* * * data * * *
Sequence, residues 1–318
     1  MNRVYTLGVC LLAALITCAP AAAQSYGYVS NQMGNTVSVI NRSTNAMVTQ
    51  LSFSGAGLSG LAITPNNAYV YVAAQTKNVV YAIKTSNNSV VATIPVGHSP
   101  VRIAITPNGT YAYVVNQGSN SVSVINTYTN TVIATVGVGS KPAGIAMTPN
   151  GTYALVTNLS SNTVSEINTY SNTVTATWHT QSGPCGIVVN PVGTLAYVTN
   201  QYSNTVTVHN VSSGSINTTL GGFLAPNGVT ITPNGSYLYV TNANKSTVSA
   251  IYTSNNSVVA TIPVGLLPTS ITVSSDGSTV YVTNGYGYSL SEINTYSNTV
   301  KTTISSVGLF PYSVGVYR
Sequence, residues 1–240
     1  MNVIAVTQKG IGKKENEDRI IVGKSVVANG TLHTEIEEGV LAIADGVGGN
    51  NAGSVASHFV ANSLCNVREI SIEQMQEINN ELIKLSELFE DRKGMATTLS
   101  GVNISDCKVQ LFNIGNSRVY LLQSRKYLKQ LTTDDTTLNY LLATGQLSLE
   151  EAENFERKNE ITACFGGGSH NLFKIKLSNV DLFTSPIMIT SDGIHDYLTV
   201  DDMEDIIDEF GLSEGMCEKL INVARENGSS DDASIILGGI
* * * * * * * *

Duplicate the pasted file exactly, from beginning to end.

Sequence, residues 1–318
     1  MNRVYTLGVC LLAALITCAP AAAQSYGYVS NQMGNTVSVI NRSTNAMVTQ
    51  LSFSGAGLSG LAITPNNAYV YVAAQTKNVV YAIKTSNNSV VATIPVGHSP
   101  VRIAITPNGT YAYVVNQGSN SVSVINTYTN TVIATVGVGS KPAGIAMTPN
   151  GTYALVTNLS SNTVSEINTY SNTVTATWHT QSGPCGIVVN PVGTLAYVTN
   201  QYSNTVTVHN VSSGSINTTL GGFLAPNGVT ITPNGSYLYV TNANKSTVSA
   251  IYTSNNSVVA TIPVGLLPTS ITVSSDGSTV YVTNGYGYSL SEINTYSNTV
   301  KTTISSVGLF PYSVGVYR
Sequence, residues 1–240
     1  MNVIAVTQKG IGKKENEDRI IVGKSVVANG TLHTEIEEGV LAIADGVGGN
    51  NAGSVASHFV ANSLCNVREI SIEQMQEINN ELIKLSELFE DRKGMATTLS
   101  GVNISDCKVQ LFNIGNSRVY LLQSRKYLKQ LTTDDTTLNY LLATGQLSLE
   151  EAENFERKNE ITACFGGGSH NLFKIKLSNV DLFTSPIMIT SDGIHDYLTV
   201  DDMEDIIDEF GLSEGMCEKL INVARENGSS DDASIILGGI